We often look at our vehicles as appliances. They take us to point A to point B without much drama. We go to work, earn our keep, and go home in our appliance.
There’s nothing like doing errands, meetings, doctor appointments, and not getting into trouble with a trusted old friend.
That “trusted old friend” is a car – as it should be.
We often look at our vehicles as appliances. They take us to point A to point B without much drama. We go to work, earn our keep, and go home in our appliance. We go to the grocery store, see our doctor, and tend to family matters.
That’s it…or, is it?
For those of us who do not own a vehicular appliance, we have to improvise. You read this before, right? We have many choices to accomplish the want of transportation. How you make the time to accomplish all of the above is as simple as scrolling through your smartphone device and making the right choice to fit your budget.
Some conveyances work. Others, not so much. You fight against time, flexibility, obligations, and everything else life throws at you.
That is why you reach out for a “trusted old friend.” Something you can count on.
Therefore, I took another spin on the Rental Car Roulette. This time, it landed on another gray Toyota Camry LE sedan. You’d think I’d be sick of them – but, no.
This 2022 example had over 17,500 miles on the clock and was turning fuel economy figures well over 30 MPG. Both represent the Camry’s great combination of efficiency, space, and proven reliability.
Everything I pointed in early write-ups about this generation of Camry holds true. It is easy to drive and operate. The seats provide decent comfort. The 2.5-liter four-cylinder does a good job shuttling around town, as well as cruising on longer stretches of highway. In all, turning an average of 33.0 MPG in my care – which points to the Camry’s efficiency.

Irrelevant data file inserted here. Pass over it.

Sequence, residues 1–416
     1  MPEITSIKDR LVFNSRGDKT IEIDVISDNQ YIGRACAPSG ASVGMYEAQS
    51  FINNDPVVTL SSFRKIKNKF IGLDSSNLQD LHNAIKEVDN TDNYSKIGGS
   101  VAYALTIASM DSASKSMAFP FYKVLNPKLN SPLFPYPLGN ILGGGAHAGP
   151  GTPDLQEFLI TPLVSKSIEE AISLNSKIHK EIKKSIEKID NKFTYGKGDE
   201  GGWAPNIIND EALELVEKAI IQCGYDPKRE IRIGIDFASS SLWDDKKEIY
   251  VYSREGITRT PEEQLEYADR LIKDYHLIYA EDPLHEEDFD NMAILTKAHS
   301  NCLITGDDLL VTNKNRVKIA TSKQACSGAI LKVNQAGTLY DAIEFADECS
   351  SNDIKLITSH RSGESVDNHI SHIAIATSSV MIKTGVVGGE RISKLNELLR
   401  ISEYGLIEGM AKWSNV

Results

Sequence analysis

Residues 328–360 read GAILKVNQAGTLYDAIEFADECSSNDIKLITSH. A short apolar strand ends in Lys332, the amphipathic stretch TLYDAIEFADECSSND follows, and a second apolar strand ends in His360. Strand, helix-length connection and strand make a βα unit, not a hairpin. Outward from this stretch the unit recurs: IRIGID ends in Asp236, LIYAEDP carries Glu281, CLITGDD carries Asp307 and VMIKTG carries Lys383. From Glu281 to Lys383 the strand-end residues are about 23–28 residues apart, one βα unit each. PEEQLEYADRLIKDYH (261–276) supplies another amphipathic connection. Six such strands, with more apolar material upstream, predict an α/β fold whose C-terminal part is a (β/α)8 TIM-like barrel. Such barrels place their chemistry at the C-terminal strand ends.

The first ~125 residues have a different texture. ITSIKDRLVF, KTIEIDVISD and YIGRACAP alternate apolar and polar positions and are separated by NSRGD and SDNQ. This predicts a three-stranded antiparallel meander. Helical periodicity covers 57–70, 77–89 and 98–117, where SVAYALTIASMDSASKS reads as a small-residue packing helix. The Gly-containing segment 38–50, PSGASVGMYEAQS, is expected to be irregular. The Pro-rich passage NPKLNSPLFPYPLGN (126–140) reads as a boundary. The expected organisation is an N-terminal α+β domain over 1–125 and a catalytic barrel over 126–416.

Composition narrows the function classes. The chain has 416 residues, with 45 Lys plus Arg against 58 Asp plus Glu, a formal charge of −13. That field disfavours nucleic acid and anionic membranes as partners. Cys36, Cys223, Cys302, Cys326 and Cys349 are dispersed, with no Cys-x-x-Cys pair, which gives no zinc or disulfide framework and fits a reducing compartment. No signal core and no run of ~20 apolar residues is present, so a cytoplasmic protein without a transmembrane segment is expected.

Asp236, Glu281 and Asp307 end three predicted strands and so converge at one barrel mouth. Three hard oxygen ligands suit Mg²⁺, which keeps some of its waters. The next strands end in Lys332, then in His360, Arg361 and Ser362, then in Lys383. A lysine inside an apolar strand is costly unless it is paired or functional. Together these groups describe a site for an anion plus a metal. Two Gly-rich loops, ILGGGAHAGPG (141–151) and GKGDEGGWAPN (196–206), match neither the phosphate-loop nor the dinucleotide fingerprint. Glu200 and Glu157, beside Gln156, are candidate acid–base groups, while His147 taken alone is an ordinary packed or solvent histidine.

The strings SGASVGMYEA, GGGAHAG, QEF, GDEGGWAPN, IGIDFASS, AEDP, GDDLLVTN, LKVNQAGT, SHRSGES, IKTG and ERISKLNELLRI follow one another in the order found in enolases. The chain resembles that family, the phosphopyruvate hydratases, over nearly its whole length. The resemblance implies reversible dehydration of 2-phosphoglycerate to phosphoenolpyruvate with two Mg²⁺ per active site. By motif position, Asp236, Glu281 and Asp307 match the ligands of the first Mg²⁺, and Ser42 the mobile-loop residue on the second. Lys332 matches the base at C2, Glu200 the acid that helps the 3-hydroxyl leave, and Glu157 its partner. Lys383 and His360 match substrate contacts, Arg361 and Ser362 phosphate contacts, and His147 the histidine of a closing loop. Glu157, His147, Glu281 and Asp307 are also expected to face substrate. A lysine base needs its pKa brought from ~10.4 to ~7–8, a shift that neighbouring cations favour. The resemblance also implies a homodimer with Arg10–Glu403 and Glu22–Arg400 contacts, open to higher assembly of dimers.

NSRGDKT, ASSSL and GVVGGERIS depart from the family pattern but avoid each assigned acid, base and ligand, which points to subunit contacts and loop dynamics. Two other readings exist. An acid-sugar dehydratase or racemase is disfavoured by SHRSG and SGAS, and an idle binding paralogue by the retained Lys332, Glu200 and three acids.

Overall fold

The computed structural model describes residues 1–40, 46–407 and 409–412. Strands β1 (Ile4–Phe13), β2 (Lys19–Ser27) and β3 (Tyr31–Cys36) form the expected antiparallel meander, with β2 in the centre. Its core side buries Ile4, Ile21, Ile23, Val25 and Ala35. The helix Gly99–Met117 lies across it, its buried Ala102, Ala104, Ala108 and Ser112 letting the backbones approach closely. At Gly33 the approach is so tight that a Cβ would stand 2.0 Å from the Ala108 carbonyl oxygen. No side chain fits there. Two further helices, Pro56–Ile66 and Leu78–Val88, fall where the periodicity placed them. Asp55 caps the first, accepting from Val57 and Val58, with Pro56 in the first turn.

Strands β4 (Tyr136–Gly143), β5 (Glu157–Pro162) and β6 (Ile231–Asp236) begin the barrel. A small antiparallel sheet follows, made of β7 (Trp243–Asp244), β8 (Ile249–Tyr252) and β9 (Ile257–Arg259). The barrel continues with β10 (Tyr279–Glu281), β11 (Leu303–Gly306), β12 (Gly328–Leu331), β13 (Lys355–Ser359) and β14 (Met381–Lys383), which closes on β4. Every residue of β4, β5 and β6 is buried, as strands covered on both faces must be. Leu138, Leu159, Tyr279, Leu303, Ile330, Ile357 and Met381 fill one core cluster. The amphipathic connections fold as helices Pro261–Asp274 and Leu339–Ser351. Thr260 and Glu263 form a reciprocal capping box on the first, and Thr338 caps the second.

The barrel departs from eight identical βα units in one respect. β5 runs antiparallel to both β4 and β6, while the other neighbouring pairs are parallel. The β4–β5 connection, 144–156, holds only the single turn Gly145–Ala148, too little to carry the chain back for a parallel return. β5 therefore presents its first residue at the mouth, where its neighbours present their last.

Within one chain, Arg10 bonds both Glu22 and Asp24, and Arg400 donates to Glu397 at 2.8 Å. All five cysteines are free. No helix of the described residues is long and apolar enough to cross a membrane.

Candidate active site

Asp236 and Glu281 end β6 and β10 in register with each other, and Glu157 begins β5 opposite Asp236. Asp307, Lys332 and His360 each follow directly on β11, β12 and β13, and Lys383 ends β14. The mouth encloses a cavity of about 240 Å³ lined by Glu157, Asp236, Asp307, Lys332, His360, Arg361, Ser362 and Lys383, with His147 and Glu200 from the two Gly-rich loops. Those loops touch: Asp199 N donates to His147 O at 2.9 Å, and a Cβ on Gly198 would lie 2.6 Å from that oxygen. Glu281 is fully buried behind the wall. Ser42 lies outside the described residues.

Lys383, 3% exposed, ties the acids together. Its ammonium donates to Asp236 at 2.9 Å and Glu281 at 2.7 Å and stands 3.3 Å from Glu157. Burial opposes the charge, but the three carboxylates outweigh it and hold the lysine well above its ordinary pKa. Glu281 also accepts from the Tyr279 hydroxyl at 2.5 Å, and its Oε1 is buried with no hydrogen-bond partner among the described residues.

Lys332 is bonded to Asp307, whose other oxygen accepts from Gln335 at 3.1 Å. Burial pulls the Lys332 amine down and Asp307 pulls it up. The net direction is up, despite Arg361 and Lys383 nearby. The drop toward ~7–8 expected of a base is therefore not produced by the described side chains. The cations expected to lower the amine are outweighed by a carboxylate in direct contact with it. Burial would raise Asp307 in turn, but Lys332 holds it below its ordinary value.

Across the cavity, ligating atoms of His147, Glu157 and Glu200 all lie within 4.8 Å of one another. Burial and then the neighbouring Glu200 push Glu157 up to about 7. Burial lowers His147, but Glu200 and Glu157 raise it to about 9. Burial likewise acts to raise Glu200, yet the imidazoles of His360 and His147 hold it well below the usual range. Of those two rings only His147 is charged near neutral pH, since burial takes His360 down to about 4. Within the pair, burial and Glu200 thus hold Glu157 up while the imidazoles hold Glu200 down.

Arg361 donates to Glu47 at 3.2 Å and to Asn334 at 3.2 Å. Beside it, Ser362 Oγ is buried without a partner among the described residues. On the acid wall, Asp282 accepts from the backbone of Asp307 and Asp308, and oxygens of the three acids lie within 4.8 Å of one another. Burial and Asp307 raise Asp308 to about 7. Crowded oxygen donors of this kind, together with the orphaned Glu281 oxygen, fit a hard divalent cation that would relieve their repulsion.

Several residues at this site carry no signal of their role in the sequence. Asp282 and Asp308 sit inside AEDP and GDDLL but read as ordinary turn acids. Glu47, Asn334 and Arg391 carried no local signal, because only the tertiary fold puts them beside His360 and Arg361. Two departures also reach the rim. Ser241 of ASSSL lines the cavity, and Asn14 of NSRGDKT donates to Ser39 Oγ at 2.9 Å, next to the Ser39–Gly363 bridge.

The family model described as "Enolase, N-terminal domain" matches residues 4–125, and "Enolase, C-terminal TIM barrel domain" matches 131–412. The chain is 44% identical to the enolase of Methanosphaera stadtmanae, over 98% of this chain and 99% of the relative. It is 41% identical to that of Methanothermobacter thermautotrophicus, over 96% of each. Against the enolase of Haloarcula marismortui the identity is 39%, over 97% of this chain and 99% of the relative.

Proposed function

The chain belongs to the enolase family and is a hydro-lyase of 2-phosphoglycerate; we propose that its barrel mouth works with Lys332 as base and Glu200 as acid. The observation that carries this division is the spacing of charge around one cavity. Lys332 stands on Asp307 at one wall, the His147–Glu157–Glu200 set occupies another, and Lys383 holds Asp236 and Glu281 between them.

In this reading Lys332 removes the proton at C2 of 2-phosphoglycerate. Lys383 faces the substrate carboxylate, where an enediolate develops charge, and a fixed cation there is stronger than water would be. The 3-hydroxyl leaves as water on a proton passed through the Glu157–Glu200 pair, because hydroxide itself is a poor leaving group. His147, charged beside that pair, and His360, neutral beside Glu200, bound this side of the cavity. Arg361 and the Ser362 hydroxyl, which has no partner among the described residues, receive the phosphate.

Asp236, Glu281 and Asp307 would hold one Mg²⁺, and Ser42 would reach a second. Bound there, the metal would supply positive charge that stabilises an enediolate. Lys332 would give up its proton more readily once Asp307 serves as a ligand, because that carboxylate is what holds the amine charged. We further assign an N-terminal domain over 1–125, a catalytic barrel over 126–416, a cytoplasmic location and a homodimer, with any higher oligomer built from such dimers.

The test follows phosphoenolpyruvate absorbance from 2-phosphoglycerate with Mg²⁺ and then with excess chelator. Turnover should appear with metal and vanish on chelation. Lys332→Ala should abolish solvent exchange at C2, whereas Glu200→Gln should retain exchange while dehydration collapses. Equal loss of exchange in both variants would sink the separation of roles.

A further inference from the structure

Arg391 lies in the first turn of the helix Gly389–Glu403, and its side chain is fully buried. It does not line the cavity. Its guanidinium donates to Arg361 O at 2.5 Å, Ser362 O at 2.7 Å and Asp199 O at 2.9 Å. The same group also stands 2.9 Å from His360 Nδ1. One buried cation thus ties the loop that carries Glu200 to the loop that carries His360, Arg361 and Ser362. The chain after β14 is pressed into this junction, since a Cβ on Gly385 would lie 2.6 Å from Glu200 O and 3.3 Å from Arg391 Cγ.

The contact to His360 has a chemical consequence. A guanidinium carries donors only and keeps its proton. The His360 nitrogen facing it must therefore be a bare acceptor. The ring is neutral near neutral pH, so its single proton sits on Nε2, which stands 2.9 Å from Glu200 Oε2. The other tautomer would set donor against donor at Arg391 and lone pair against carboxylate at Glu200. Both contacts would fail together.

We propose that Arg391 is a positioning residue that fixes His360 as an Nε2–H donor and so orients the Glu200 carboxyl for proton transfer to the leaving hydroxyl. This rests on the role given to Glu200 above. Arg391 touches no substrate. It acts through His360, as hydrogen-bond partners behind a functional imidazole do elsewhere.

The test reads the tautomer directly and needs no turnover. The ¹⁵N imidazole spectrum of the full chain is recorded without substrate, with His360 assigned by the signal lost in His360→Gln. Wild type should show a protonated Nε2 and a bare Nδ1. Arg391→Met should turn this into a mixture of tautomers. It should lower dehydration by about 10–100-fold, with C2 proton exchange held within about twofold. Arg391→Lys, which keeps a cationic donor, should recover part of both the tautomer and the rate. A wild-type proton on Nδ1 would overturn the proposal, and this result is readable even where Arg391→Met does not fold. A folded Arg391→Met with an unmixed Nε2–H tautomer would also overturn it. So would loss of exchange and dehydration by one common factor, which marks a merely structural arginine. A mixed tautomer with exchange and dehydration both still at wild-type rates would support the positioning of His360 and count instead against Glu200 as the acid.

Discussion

What more could I tell you about the Toyota Camry?
Well, there are a few points to be made. Sometimes, it’s the little things that you notice which induce smiles. I recall the Camry’s shifter being short. We’re talking MX-5 Miata short. Even on this one-step-above-very-basic sedan, a short-throw automatic looks like a lot of fun. It is, but you only put into three places: Park, Drive, and Reverse.
That alone points to the decree laid down by now-former head of Toyota, Akio Toyoda. He wanted his vehicles to no longer be boring. The days of the Toyota appliance needed to evolve into exciting, eye-popping, technologically advanced machines that invite drivers and passengers alike to have a great experience with their vehicle.
He’s right, you know. That is why I enjoy every Camry I’ve driven – rented or not.
What it has accomplished in this short time together was important in its own right. It took me to an event that I covered for the magazine at Target Field. It took me to a meeting for a future issue of the same magazine in Robbinsdale – where I used to live, ironically. And, it took me to my podiatrist in West Sant Paul for a check up on my left foot. Along the way, I was able to accomplish the last “catch up” errands I needed to do after my discharge from the six weeks inside the healthcare vacuum.
There are some who point out that the current Camry has run its course. After debuting in 2017 as a 2018 model, Toyota held true to its handsome shape, accessible interior, and solid set of drivelines. That includes Hybrid, V6, and all-wheel drive models.
While some have derided generations of Camrys as dull, boring, and simply milquetoast, this one seems to get plenty of respect. Look at some of the sportier Camrys. The TRD is a great example of a cool Camry – lowered, blacked out wheels, a subtle rear spoiler and aero kit.
In turn, Toyota has taken this current generation’s shape and molded it onto a NASCAR Cup Series chassis. The result was Kyle Busch taking his Toyota to two Cup Series Championships. Additionally, Toyota has won 21 races on NASCARs top circuit.
I’m sure this won’t be the last Camry I will drive.
DISCLAIMER: Vehicle rented by Victory & Reseda
All photos by Randy Stern